- Putting most-used tools and equipment in easy reach of the primary caregiver seat
- Placing garbage and sharps containers in better proximity to the primary seat
- Additional grab handle added for stability
- Adding a hydraulic lift for main oxygen tank
- Additional work surfaces added (drawers, pull-out shelving)
A significant addition, adds Plato, is the addition of a techno-mount securement arm that allows then to secure cardiac monitors directly to the structure above the patient.
“The key piece with that is the significant risk that was identified in the study – a tripping hazard from the cabling and the tubing that was attached to the patient and the cabinetry beside the patient on the wall. Without having to run those cables and tubing from the patient and the wall, we’ve eliminated that tripping hazard for our patients.”
The first ambulances with these design upgrades were introduced five years ago. Since then, AHS reports that on-the-job injuries for EMS staff decreased by 16%.
Some communities use ambulances that are directly from AHS while others contract services out.
Red Deer Emergency Services ambulance service is contracted by Alberta Health Services.
Approximately three-quarters of the provincial fleet will be replaced over time.
“We make these enhancements as we life cycle our fleet every year, so as we buy ambulances, we incorporate the designs and then we replace old ambulances that are beyond their life span with these new ambulances that have these new design enhancements.”
Typically, between 60 and 70 ambulances are replaced with new vehicles every year.
(With file from David Opinko, Lethbridge News Now)
Officials say about 35 students were on board when a school bus rolled onto its side in a single-vehicle collision Monday morning west of Edmonton.
According to Stony Plain RCMP, the rollover happened at about 8 a.m. on Forest Drive near Highway 779, an area about six kilometres north of Stony Plain.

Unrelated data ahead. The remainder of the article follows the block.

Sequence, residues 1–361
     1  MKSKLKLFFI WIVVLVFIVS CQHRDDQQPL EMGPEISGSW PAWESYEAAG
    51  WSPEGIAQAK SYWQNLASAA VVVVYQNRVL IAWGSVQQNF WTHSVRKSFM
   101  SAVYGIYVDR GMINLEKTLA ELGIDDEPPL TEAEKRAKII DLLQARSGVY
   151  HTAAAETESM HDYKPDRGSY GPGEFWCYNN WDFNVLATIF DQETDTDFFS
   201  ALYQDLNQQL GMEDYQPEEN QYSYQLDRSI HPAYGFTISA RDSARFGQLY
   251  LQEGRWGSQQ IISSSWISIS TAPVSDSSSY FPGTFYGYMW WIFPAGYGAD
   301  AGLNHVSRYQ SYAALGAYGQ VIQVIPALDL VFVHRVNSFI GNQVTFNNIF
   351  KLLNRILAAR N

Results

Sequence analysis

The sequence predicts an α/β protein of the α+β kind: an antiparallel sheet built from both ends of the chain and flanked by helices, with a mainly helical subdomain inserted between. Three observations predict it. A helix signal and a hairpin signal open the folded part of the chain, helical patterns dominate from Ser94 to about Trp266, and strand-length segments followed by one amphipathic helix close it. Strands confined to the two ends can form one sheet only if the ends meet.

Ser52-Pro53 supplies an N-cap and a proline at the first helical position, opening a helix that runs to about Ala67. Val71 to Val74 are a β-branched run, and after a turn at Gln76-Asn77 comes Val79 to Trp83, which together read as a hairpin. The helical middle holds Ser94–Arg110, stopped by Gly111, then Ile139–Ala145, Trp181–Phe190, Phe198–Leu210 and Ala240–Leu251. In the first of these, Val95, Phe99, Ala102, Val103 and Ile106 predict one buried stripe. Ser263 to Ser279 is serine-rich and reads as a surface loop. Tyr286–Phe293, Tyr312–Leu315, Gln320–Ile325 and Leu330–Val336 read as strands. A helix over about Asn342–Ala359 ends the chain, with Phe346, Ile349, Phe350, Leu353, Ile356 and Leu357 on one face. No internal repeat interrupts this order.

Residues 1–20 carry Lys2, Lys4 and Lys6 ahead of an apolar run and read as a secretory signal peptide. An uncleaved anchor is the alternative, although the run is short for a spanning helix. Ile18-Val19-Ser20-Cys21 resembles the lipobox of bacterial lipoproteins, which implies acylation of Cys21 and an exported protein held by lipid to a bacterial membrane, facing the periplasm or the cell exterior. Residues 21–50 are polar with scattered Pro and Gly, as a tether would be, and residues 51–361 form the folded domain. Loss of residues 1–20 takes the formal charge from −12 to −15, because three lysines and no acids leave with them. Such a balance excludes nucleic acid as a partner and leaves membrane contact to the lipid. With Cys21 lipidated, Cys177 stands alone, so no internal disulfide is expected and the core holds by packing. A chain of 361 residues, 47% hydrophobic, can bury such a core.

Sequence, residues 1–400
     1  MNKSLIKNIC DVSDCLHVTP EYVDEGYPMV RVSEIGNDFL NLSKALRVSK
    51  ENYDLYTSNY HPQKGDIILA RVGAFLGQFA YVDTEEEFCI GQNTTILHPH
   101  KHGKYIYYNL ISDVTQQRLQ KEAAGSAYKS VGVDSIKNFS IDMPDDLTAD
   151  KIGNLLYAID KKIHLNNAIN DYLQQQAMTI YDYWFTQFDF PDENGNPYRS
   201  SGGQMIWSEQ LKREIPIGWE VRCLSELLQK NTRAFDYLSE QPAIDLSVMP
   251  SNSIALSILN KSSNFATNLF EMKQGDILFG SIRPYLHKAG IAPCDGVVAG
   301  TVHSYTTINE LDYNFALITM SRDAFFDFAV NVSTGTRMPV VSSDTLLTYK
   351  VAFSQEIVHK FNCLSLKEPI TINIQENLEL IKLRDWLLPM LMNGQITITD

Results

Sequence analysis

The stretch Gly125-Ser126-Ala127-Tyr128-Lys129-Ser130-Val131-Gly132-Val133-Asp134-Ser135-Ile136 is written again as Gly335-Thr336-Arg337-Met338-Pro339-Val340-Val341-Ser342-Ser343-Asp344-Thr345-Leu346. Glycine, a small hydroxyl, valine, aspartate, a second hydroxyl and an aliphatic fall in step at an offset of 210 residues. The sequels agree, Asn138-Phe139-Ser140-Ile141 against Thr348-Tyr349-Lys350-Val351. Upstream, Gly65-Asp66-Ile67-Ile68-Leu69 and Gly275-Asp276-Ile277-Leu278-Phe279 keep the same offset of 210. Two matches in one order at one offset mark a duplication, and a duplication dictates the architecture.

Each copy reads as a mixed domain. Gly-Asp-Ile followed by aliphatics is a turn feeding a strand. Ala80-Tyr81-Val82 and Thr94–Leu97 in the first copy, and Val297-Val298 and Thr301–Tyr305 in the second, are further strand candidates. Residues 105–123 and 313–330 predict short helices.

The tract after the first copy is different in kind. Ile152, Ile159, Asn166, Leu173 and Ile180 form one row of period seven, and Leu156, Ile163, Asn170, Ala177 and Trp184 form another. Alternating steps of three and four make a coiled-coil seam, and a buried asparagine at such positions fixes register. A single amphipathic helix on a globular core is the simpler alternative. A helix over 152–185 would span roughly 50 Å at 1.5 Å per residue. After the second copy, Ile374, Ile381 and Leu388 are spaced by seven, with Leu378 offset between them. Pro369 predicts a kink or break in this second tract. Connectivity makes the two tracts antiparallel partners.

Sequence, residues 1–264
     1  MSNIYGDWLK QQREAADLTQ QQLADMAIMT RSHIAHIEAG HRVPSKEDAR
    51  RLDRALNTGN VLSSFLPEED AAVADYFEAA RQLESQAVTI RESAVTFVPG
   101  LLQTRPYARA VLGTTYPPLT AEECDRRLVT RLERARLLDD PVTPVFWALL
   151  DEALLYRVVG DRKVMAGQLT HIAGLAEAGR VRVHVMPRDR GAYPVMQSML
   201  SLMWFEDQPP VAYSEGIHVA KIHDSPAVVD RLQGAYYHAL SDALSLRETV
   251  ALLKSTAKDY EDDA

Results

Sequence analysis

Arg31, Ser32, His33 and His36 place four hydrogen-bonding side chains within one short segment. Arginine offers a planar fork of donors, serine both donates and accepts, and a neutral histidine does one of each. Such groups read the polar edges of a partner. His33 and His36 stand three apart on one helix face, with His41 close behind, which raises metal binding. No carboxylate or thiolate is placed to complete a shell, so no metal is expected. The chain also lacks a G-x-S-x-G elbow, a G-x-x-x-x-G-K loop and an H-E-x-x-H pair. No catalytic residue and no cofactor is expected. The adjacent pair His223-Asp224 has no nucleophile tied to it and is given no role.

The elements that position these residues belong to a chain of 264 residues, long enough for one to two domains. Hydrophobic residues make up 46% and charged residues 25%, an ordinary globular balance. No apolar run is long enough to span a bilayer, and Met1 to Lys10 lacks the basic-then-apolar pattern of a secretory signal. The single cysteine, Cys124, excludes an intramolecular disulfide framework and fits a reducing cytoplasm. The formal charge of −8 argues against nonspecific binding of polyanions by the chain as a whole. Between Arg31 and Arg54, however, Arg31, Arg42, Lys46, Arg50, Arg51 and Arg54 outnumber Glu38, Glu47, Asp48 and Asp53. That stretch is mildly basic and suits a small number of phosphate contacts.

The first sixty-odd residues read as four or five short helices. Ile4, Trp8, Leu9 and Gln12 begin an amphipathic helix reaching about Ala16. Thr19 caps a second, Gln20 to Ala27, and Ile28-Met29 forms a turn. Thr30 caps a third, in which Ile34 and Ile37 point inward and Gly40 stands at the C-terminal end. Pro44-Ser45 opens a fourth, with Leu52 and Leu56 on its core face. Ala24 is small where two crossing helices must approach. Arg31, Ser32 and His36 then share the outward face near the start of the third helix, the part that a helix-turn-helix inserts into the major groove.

The students on board were from the Evergreen Catholic Separate School and Parkland County School Divisions. No serious injuries were reported.
Parkland School Division posted a statement on its website stating the bus involved was serving the Muir Lake School area at the time.
“Paramedics were on the scene moments after it happened to check all the passengers and driver for injuries,” the statement reads.
The school division said all students and driver were “safe, warm and secured quickly after the accident took place while they waited for paramedics to evaluate any injuries.”
Another bus was dispatched to take the students to school once they were assessed by medical staff.
The school division said staff will provide assistance to the students.
“Thankfully no serious injuries,” read a statement on the Evergreen Catholic Schools’ website. “The icy road conditions in a rural subdivision north of Muir Lake School caused the bus to tip over into the ditch. The children are being transported to Muir Lake School.”
SANTA CLARITA, Calif. — A student pulled a gun from his backpack and opened fire at a Southern California high school Thursday, killing two students and wounding three others before shooting himself in the head on his 16th birthday, authorities said.
The attacker was hospitalized in critical condition, officials said, and investigators offered no immediate motive.
The gunfire began around 7:30 a.m. at Saugus High School in the Los Angeles suburb of Santa Clarita. Authorities estimated that the suspect took just 16 seconds to pull out the weapon, shoot five classmates and turn the gun on himself.